Long-term synaptic changes induced by intracellular tetanization of CA3 pyramidal neurons in hippocampal slices from juvenile rats

N. Berretta, A. V. Rossokhin, E. Cherubini, A. V. Astrelin, L. L. Voronin

Research output: Contribution to journalArticlepeer-review


Minimal excitatory postsynaptic potentials were evoked in CA3 pyramidal neurons by activation of the mossy fibres in hippocampal slices from seven- to 16-day-old rats. Conditioning intracellular depolarizing pulses were delivered as 50- or 100-Hz bursts. A statistically significant depression and potentiation was induced in four and five of 13 cases, respectively. The initial state of the synapses influenced the effect: the amplitude changes correlated with the pretetanic paired-pulse facilitation ratio. Afferent (mossy fibre) tetanization produced a significant depression in four of six inputs, and no significant changes in two inputs. Quantal content decreased or increased following induction of the depression or potentiation, respectively, whereas no significant changes in quantal size were observed. Compatible with presynaptic maintenance mechanisms of both depression and potentiation, changes in the mean quantal content were associated with modifications in the paired-pulse facilitation ratios, coefficient of variation of response amplitudes and number of response failures. Cases were encountered when apparently 'presynaptically silent' synapses were converted into functional synapses during potentiation or when effective synapses became 'presynaptically silent' when depression was induced, suggesting respective changes in the probability of transmitter release.It is concluded that, in juvenile rats, it is possible to induce lasting potentiation at the mossy fibre-CA3 synapses by purely postsynaptic stimulation, while afferent tetanization is accompanied by long-lasting depression. The data support the existence not only of a presynaptically induced, but also a postsynaptically induced form of long-term potentiation in the mossy fibre-CA3 synapse. Despite a postsynaptic induction mechanism, maintenance of both potentiation and depression is likely to occur presynaptically. Copyright (C) 1999 IBRO.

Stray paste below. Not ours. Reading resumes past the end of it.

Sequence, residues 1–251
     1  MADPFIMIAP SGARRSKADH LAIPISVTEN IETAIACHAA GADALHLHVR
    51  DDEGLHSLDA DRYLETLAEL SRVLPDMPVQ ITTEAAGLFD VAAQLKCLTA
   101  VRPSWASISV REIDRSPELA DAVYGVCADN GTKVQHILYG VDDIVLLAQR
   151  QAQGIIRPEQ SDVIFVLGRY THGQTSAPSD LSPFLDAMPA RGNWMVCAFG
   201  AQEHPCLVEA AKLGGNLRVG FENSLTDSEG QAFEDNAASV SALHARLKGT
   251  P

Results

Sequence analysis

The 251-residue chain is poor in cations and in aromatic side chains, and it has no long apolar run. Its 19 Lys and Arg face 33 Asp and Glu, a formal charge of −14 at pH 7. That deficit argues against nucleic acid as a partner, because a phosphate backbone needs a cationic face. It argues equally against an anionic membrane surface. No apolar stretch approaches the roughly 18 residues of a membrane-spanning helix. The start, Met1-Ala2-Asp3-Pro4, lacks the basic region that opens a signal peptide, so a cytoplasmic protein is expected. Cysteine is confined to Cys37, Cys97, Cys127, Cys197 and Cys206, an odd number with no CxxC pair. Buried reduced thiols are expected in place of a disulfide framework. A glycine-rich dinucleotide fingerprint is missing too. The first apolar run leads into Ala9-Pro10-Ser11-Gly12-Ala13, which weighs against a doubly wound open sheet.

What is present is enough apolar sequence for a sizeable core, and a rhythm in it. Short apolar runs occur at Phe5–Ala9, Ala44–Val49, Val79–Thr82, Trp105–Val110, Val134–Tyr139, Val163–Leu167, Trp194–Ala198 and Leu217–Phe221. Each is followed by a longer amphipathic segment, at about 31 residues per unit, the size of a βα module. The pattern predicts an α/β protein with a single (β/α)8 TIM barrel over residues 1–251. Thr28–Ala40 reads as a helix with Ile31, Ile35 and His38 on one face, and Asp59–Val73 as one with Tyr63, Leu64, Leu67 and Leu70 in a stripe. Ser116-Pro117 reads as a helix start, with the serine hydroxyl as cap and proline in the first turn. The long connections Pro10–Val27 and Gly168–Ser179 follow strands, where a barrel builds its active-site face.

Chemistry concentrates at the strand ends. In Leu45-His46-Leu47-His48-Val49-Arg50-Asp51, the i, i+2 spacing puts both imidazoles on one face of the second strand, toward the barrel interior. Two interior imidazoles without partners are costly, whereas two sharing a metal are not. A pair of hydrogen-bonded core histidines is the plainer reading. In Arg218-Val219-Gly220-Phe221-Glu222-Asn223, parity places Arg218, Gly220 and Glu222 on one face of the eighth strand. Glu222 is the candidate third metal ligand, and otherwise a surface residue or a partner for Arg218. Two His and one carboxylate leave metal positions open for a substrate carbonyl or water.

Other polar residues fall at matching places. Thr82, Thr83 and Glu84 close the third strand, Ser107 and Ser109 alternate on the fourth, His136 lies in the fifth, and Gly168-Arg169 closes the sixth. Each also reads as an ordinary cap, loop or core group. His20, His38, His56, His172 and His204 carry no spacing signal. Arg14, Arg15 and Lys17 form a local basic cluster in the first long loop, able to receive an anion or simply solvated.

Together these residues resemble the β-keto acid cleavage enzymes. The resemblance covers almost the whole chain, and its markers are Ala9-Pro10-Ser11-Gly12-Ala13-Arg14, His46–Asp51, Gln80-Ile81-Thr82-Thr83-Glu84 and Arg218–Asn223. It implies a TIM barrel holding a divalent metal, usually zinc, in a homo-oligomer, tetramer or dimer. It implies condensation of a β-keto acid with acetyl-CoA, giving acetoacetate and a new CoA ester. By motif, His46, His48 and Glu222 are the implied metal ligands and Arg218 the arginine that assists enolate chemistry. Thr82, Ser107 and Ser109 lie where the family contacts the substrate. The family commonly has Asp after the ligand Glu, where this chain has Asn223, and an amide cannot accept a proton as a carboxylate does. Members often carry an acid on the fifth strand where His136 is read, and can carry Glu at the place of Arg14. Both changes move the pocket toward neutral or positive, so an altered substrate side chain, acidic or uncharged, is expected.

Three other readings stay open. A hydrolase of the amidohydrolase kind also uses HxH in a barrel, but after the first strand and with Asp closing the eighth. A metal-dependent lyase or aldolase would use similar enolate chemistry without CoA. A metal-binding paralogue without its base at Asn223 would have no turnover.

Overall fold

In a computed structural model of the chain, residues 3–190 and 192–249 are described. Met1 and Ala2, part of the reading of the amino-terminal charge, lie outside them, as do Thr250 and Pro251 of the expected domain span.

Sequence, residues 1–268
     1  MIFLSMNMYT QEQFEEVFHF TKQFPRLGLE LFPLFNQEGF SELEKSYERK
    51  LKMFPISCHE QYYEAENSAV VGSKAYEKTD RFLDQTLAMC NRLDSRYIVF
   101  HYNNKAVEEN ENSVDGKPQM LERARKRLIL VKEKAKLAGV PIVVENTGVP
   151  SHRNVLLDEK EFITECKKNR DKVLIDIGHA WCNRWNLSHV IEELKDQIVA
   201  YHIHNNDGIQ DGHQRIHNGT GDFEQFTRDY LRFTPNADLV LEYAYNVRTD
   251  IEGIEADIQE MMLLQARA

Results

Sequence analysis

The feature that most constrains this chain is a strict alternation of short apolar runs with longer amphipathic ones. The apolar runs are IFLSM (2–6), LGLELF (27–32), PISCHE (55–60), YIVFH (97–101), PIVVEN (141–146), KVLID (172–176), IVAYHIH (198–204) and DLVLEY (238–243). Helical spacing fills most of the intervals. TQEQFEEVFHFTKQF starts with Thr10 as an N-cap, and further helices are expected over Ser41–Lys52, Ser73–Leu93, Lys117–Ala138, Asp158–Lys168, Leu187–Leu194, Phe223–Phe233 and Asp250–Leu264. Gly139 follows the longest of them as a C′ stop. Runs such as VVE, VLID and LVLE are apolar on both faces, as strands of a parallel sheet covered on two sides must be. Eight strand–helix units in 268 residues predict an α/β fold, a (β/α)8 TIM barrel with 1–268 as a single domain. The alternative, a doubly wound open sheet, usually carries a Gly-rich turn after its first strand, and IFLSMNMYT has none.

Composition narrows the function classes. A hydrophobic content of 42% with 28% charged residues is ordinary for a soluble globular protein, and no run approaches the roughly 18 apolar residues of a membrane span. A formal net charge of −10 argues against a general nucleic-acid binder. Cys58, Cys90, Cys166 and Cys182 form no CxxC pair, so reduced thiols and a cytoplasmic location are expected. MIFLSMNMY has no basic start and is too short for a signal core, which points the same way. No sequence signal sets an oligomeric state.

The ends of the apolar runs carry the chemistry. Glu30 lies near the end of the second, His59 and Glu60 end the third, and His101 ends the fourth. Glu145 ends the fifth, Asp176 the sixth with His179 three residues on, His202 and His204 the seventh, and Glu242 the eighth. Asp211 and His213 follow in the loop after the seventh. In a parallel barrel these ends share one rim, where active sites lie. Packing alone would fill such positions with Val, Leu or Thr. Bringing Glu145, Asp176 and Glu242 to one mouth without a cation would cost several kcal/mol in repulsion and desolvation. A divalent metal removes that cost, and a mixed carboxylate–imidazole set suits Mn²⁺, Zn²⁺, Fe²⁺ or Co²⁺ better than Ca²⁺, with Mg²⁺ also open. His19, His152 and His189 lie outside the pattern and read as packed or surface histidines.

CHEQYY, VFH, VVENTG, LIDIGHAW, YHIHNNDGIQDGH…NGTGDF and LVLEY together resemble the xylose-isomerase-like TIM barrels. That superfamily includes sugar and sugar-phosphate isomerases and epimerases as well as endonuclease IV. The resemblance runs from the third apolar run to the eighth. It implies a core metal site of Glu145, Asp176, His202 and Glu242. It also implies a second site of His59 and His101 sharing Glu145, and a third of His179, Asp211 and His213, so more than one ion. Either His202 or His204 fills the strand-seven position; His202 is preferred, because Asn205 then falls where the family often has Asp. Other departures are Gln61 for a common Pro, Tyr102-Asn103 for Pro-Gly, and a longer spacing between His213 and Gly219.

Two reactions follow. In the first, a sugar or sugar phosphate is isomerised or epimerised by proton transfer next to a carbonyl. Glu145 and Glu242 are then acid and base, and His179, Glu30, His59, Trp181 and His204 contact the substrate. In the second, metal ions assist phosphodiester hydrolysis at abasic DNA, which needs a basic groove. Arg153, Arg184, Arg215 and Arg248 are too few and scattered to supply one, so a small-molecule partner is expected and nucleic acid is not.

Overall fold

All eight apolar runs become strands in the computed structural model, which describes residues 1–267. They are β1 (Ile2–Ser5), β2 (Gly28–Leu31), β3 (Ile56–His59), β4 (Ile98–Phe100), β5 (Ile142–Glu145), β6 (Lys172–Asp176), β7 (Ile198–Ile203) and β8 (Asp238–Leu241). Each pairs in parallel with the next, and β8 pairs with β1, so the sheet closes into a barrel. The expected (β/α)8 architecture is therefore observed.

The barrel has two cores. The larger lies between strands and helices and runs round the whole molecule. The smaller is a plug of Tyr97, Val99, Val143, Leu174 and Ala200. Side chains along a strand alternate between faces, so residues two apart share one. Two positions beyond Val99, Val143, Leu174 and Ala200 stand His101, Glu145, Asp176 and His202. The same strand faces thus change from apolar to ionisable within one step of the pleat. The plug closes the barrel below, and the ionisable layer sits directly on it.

Original languageEnglish
Pages (from-to)469-477
Number of pages9
Issue number2
Publication statusPublished - Jul 1999


  • Excitatory postsynaptic potentials
  • Long-term depression
  • Long-term potentiation
  • Paired-pulse facilitation
  • Postnatal development
  • Quantal analysis

ASJC Scopus subject areas

  • Neuroscience(all)


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